A pair of Simons offer music of intense value this season. Violinist Simon Goff has worked with many of the field’s luminaries, and steps out on his own with Vale, introduced by the percussive “I Filled My Lungs With the Necessary Air, and Yelled!”, a post-rock title with a modern composition tone (7K!, April 23). And Simon Leoza (formerly known as Tambour) is already making waves with the heart-wrenching video for “La nuée,” the first single from the upcoming Albatross. The rest of the album is just as good (Rosemarie Records, April 30).
If you’re looking for a brand new score, Nainita Desai‘s The Reason I Jump is the one to beat this season. The often-ebullient music provides energy to an uplifting film about the autistic spectrum (Mercury KX, April 19). Apparat‘s Soundtracks is receiving the box set treatment as the four film scores, first released last year, are gathered together in physical form. The previously-reviewed Dämonen is the best, but Capri-Revolution, Stay Still and Equals Sessions are worthy accompaniments (Mute, April 16). Clark has recorded soundtracks before, but Playground in a Lake is a standalone work. The concept album tackles climate change through the lens of the last person on earth, and slides comfortably from modern composition to electronics to ambience. Guest stars include Oliver Coates, Yair Elazar Glotman and Grizzly Bear’s Chris Taylor (Deutsche Grammophon, March 26).
“Anxiety Mist” is downright stunning. The first video (above) from Matt Emery‘s Spotlight Series: Cello reproduces the feeling of running down a hill so fast that the only way to stop is to fall. Ironically, the piece was recorded in his parents’ kitchen! The EP’s theme is “a samurai warrior headed into battle.” Each entry will showcase a different instrument (Injazero, April 9). Christine Ott‘s Time to Die begins with the Rutger Hauer “Tears in Rain” monologue from Bladerunner, recreated by Casey Brown. The album goes on to explore the relationship between the living and the dead through a multitude of instruments, producing a feeling as blue as its cover (Gizeh, April 9). Orange and Mountains‘s full-length debut Drawers tackles the theme of dreams “during and after sleep.” Violin and electronics join forces, like the conscious and subconscious (Rhodium Publishing, April 16).
We hope we did not scare you with the cover art for Blutt. The music of cellist Patrick Belaga is more mood than fright, although it’s certainly out of the ordinary, as one might expect from the PAN label. Billed as “music for the unruly imagination,” the album is inspired by haunting memories of ancient civilizations, and sounds like a quiet phantasm (April 2). The title Music for Bosch People implies a horrific set, but trombonist Alex Paxton has subtlety in mind as well. The album mingles styles and timbres in a manner that reflects the painter’s turbulent art. In contrast, Tansy Davies offers the more bucolic Nature, presenting the works of four different composers. Both albums are set for release April 23 on NMC Recordings. Manchester Collective tackles music new and old (including Glass) on The Centre is Everywhere, a lively debut on Bedroom Community. The art looks like blood splatter, but the music sounds more like lifeblood (March 26).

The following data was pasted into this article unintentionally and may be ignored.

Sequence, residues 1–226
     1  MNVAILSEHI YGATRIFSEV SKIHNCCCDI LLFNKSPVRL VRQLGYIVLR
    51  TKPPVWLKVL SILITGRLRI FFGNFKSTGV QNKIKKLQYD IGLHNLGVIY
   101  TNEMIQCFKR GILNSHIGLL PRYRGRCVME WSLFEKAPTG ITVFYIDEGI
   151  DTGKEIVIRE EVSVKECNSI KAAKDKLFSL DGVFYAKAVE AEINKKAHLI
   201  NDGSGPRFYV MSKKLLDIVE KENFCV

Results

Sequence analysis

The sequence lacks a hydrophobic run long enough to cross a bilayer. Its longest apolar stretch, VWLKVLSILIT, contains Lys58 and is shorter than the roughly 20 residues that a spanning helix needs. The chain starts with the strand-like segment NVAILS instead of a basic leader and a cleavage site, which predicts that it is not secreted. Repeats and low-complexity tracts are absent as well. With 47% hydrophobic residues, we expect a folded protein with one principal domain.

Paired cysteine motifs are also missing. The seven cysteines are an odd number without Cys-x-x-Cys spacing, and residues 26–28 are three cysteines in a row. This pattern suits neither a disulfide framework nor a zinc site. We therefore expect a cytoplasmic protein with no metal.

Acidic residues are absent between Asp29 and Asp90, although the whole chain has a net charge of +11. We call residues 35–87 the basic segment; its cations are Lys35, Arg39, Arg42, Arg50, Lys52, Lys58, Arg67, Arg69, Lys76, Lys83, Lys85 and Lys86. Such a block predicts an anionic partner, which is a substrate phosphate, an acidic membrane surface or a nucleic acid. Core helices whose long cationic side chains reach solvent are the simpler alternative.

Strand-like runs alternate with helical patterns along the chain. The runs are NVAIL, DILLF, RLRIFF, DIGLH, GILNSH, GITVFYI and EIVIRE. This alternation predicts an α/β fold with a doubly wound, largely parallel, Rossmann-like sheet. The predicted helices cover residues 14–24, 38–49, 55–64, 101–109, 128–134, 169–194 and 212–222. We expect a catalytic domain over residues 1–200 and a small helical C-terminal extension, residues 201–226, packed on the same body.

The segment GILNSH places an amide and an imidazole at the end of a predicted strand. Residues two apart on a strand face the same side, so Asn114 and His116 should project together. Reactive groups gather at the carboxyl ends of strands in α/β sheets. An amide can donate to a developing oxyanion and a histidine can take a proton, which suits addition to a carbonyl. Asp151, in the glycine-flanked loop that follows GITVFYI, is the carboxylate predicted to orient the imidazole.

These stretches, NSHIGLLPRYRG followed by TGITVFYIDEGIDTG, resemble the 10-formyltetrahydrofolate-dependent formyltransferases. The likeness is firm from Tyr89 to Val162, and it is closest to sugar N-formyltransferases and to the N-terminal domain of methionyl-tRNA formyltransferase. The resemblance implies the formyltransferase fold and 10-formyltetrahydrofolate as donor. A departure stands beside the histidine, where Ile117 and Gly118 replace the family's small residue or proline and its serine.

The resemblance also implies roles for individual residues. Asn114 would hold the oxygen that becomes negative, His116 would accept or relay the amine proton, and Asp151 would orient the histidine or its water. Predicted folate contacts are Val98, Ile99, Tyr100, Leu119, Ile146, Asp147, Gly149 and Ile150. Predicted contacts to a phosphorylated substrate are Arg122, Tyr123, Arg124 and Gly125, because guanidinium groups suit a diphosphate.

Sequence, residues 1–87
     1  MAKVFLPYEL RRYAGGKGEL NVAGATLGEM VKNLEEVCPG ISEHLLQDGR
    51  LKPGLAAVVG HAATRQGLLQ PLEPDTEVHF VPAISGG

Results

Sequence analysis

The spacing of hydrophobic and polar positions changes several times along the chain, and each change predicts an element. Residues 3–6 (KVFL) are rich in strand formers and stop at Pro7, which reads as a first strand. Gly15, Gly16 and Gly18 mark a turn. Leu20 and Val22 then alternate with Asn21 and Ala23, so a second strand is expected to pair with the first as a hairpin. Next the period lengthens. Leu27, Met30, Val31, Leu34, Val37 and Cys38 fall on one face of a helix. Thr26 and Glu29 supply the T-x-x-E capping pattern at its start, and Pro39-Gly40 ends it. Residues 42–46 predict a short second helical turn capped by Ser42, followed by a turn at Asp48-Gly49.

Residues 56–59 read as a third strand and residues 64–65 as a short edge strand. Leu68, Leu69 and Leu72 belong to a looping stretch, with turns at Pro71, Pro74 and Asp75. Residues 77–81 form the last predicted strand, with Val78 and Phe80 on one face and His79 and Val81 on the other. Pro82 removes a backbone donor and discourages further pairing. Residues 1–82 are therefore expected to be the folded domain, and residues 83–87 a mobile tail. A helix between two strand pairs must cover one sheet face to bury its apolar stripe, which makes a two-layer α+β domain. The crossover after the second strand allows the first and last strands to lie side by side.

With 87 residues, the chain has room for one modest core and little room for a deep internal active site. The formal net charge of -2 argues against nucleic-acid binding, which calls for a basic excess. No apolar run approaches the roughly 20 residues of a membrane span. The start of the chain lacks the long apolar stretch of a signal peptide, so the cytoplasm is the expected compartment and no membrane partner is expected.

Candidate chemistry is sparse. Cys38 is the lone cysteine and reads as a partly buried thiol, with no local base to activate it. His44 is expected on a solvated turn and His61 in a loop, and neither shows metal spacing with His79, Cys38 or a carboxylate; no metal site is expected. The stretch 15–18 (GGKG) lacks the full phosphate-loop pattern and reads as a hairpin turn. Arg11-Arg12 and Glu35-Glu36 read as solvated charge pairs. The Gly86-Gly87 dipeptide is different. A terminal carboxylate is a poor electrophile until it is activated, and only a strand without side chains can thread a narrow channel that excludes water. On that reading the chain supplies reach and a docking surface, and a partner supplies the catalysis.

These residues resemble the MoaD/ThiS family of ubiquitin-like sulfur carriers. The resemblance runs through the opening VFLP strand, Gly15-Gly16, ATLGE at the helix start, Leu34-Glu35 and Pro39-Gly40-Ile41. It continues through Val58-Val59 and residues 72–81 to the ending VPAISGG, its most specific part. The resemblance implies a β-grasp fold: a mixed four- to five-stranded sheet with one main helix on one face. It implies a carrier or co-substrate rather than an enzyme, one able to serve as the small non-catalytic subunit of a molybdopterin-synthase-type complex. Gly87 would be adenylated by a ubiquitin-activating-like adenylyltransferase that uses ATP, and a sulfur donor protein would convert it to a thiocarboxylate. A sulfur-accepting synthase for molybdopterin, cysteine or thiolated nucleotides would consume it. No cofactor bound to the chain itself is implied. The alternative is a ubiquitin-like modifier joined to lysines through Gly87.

Cellist Lavena tackles the work of various composers on In Your Hands, but the Björk-referencing closer my heart comes undone is the album’s finest moment (Bright Shiny Things, March 26). Trevor Exter has been quietly releasing a monthly trio of electronic cello suites, the third of which is due April 1. As the backdrops change, the cello continues to hold center stage. TRIOS 01 and 02 are already available, the first featuring a bit more jazz, the second a bit more synth. In Eynem is the debut set for cellist Francesca Ter-Berg, whose explorations in processed cello draw from the Yiddish and Sinti Manouche folk traditions. The EP continues to expand the tonal roster of Phantom Limb, formerly known for its more electronic releases (April 16).
Strings and Tins Recordings (great name!) offers the intriguing Stills 01, for which three composers were asked to create scores for paintings in the Tate Britain Gallery. Jim Stewart’s “The Dead Sea” is the beguiling entry point (April 19). Fresh on the heels of its 2020 series 10 Waltzes, the Bigo & Twigetti label returns with the evocative Consonance. Eight composers offer their takes on the word and sound (March 26). An astonishing 25 musicians share their talents on the 31-track Music for Self-Isolation, a pandemic project accompanied by a documentary, initiated by Frank Horvat and due April 9 on Centrediscs.
Masayoshi Fujita shifts focus from the vibraphone to the marimba on Bird Ambience, a quiet affair. Hatis Noit guest-stars on the title track (Erased Tapes, May 31). Kora virtuoso Toumani Diabaté teams with the London Symphony Orchestra on Kôrôlén (Ancestral), a melding of eastern and western tones with a warm vibe and welcoming tone (World Circuit, April 23). Keeping the orchestra busy, jazz saxophonist Pharaoh Sanders resurfaces after ten years, bringing Floating Points along for the ride. Promises is due March 26 on Luaka Bop. Tenor sax is showcased on DF‘s Accretion, whose concert rendition includes a light show with projections. Let’s hope we get to see such things soon (Preserved Sound, March 26). Akropolis Reed Quintet addresses ghosts of all kinds, from organic to historic, on Ghost Light, a wide-ranging set sharing music from a wide host of composers (New Focus Recordings, April 9).